Oregon State Police Investigate Misconduct Allegations against State Lab Analyst


Late last week, the Oregon State Police notified local district attorneys about potential problems with their cases as the law enforcement agency launched investigations into misconduct by one of its own forensic analysts. According to various news sources, the analyst is accused of tampering with drug evidence and potentially affecting the integrity of more than a thousand cases.

According to the


, last Friday the Oregon State Police issued a statement on Friday that said that one of the agency’s criminal forensics analysts—who worked for the agency for eight years at labs in Bend, Pendleton and Ontario—is accused of stealing drugs sent to labs for analysis. In some cases, the analyst supposedly replaced the contents with over-the-counter pills so as to cover up the drugs she took.

The Associated Press reports that the alleged misconduct raises doubt around many current criminal drug cases and convictions. Retesting and retrying cases could cost local counties thousands of dollars. “Deschutes County District Attorney John Hummel said he must retest the evidence in 502 cases dating back to 2012. In Klamath County, District Attorney Rob Patridge said he’s reviewing 328 cases dating as far back as 2007,” writes the Associated Press.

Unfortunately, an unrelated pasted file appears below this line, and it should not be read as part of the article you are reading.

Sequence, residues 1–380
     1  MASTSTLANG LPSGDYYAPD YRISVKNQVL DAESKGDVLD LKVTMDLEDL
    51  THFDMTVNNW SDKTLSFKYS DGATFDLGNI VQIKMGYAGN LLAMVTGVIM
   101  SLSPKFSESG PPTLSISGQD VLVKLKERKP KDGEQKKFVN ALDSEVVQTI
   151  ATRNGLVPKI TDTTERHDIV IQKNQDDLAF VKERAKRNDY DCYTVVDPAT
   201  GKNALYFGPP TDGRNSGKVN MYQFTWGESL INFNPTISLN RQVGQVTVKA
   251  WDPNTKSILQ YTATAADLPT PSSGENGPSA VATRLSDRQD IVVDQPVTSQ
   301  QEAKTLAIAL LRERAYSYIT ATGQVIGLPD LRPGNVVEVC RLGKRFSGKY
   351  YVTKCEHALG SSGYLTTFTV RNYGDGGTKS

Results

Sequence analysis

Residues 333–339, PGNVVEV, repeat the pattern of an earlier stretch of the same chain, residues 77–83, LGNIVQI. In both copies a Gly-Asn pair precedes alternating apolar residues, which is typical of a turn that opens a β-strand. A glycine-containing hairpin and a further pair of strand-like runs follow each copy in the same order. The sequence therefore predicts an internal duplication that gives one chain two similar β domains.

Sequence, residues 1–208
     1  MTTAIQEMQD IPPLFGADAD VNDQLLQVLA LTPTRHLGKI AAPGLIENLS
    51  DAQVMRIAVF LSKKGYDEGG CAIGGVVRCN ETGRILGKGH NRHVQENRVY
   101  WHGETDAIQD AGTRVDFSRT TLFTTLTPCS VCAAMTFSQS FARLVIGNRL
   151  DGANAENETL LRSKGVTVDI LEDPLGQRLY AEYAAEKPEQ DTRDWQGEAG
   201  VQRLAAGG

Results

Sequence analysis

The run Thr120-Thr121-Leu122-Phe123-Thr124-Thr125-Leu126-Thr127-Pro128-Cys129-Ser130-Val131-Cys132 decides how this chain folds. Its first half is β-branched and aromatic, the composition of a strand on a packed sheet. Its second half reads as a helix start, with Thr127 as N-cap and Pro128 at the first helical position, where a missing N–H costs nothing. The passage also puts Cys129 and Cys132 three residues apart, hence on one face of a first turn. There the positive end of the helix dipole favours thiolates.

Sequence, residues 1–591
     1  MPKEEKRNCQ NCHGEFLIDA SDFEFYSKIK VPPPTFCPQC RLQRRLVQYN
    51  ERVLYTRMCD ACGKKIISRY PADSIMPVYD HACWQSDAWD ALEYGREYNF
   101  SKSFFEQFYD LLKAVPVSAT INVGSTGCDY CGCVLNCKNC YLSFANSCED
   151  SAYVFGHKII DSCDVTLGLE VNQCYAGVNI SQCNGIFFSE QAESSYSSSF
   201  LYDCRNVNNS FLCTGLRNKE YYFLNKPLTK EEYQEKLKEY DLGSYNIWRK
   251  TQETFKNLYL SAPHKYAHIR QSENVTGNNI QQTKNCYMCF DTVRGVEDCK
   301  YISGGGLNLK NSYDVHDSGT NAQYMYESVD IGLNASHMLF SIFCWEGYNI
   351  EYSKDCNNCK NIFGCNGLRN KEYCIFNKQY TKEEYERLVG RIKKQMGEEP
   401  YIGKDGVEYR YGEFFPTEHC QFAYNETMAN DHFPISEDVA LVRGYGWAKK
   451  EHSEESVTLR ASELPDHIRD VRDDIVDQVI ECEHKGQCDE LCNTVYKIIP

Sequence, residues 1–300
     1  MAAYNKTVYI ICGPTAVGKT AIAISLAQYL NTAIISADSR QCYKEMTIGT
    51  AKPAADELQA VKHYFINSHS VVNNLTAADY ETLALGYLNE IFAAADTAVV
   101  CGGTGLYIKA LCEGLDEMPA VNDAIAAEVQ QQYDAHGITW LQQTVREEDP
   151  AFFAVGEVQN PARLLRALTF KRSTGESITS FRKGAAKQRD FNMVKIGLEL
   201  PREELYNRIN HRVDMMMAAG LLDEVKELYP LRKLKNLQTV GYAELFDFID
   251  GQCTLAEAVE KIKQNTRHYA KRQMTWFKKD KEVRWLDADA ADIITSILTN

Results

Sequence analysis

Sadly, this is not the only case of misconduct by a state forensic analyst that the Oregon State Police are currently investigating. Last year, the agency alerted local district attorneys about the work of a now-retired analysts who may have overstated results in a 2005 criminal trial. Also, in recent years, the agency shut down its handwriting unit when it reviewed the work of analysts who worked on handwriting samples and uncovered “evidence of bias, sloppy work and dishonesty,”  reports the



In a


article published on Saturday, the Co-Founder of the

Oregon Innocence Project

Aliza Kaplan said, “We need crime labs, and we need them to do a good job—to avoid wrongful convictions but also for our victims. . . . We need to be sure that the right people are going to jail.”

Learn more about the story here:

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